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A History of the Gipsies by Walter Simson

Matthew Baillie instantly produced


was more common, in the counties of Peebles and Lanark, when the country-people lost their purses at fairs, than to have recourse to the chief Gipsy females, to get their property returned to them. Mary Yorkston, having a sovereign influence and power among her tribe, was often applied to, in such cases of distress, of which the following is a good specimen:--On one of these occasions, in a market in the South of Scotland, a farmer lost his purse, containing a considerable sum of money, which greatly perplexed and distressed him. He immediately went to Mary Yorkston, to try if she would exert her wonderful influence to recover his property. Being a favourite of Mary's, she, without the least hesitation, took him along with her to the place in the fair where her husband kept his temporary depot, or rather his office, in which he exercised his extraordinary calling during the continuance of the market. The presence of Mary was a sufficient assurance that all was right; and, upon the matter being explained, Matthew Baillie instantly produced, and spread out before the astonished farmer, from twenty to thirty purses, and desired him to pick out his own from amongst them. The countryman soon recognized his own, and grasped at it without ceremony. "Hold on," said Baillie, "let us count its contents first." The Gipsy chief, with the greatest coolness and deliberation, as if he had been an honest banker or money-changer, counted over the money in the purse, when not a farthing was found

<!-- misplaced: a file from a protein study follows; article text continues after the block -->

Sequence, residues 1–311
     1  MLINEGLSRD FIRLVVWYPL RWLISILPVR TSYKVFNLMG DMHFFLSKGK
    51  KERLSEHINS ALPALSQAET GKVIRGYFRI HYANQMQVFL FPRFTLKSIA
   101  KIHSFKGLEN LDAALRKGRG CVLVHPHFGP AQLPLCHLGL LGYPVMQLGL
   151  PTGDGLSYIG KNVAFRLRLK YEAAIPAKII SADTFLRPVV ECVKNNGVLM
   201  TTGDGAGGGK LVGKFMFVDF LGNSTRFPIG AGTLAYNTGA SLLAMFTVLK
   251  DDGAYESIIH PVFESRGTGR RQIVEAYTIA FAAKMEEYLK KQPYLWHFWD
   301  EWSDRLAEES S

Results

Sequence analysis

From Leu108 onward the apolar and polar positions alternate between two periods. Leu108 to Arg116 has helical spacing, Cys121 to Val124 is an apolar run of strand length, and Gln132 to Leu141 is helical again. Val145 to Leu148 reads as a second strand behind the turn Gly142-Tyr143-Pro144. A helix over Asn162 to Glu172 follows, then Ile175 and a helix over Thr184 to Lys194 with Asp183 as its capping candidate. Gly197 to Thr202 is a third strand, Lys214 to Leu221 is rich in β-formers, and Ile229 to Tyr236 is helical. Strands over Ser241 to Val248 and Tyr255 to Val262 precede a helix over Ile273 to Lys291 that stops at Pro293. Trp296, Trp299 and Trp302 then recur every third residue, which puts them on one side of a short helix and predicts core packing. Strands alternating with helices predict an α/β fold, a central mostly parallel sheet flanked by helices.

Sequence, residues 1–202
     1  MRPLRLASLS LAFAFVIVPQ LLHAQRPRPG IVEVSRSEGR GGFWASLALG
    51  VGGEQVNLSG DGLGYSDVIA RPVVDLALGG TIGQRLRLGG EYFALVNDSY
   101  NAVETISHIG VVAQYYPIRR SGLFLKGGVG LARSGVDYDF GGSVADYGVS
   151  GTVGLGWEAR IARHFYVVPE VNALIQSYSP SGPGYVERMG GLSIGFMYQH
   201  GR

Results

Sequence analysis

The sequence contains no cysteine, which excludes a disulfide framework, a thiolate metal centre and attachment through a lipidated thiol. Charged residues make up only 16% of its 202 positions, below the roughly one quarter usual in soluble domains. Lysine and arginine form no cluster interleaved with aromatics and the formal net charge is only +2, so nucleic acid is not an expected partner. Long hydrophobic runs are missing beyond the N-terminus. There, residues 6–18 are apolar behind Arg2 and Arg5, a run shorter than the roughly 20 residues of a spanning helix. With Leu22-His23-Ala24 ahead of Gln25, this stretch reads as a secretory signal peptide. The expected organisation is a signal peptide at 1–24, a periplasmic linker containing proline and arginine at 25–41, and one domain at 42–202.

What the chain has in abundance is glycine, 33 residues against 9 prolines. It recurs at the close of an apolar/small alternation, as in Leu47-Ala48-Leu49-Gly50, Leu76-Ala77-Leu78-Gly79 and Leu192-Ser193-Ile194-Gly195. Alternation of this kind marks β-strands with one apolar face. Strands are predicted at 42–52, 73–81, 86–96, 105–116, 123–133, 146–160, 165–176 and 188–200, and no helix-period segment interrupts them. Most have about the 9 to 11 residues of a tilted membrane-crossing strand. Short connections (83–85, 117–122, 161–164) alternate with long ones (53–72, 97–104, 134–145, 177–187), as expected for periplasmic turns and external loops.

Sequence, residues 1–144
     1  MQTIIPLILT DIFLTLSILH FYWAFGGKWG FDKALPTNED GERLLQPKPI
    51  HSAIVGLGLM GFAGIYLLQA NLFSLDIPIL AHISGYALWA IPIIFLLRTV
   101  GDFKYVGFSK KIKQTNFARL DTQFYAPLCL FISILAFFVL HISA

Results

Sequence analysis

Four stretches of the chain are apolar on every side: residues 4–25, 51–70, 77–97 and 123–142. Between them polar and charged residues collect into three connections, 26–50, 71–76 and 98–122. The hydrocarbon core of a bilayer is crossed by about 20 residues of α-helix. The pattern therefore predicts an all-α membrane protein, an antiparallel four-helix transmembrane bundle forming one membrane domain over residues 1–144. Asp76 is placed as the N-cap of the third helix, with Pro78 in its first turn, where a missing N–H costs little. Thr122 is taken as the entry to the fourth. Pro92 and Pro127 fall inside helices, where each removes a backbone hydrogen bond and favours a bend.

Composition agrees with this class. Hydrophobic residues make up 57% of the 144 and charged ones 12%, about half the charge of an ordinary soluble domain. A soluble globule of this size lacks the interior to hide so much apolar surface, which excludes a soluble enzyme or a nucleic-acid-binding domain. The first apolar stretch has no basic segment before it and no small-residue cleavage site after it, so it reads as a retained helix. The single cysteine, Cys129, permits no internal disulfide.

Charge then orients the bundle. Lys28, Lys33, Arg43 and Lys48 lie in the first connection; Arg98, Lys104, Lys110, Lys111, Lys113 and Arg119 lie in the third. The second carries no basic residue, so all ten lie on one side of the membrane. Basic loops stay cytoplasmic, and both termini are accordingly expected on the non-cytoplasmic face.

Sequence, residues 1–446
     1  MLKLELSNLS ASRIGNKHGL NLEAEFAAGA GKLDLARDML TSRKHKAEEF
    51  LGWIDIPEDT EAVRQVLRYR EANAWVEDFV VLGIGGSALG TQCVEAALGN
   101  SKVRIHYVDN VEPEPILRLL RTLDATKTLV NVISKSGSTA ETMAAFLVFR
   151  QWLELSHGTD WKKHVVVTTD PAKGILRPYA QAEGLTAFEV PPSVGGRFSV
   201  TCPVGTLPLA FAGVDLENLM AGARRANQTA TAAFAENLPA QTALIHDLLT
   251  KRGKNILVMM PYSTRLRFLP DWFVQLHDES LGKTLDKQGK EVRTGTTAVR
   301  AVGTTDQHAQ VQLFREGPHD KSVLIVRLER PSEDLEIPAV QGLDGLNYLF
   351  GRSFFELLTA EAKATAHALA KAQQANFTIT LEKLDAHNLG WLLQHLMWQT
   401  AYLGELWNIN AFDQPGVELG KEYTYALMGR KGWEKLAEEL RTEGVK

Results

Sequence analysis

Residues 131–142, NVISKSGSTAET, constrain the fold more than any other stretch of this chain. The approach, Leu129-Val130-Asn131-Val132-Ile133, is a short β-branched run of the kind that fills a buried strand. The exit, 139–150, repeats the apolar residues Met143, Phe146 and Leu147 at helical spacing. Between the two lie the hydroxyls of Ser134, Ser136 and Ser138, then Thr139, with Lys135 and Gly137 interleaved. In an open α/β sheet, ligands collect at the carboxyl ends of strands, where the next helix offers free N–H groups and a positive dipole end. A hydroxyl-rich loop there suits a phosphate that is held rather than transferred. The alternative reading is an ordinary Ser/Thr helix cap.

wanting. "There is your purse, sir," continued Baillie; "you see what it is, when honest people meet!"

The following incident, that occurred one night after a fair, in a barn belonging to one of my relatives, will strikingly illustrate the character of the Gipsies in the matter of stealing purses:--A band of superior Gipsies were quartered in the barn, after several of them had attended the fair, in their usual manner. The principal female, whom I shall not name, had also been at the market; but the old chief had thought proper to remain at home, in the barn. My relative, as was sometimes his custom, chanced to take a turn about his premises that night, when it was pretty late. He heard the voice of a female weeping in the barn, and, being curious to know the cause of the disturbance among the Tinklers, stepped softly up, close to the back of the door, to listen to what they were doing, as the woman was crying bitterly. He was greatly astonished at hearing, and never could forget, the following expressions: "Oh, cruel man, to beat me in this way. I have had my hands in as good as twenty pockets, but the honest people had it not to themselves." The chieftain was, in fact, chastising his wife, in the presence of his family, for her want of diligence or success, in not obtaining enough of booty at the fair. And yet this individual bore, among the country-people, the character of an honest man.

Another story is told of Mary Yorkston and the Goodman of Coulter-park. It differs in its nature from the above anecdote, yet is very characteristic of the Gipsies. Mary and her band were lurking one night at a place in Clydesdale, called Raggingill. As a man on horseback approached the spot where they were concealed, some of the tribe immediately laid hold of the horse, and, without ceremony, commenced to plunder the rider. But Mary, stepping forth to superintend the operation, was astonished to find that the horseman was her particular friend, the Goodman of Coulter-park. She instantly exclaimed, with all her might: "It's Mr. Lindsay, the Gudeman o' Couter-park--let him gang--let him gang--God bless him, honest man!" It is needless to add that Mr. Lindsay had always given Mary and her horde the use of an out-house when they required it.

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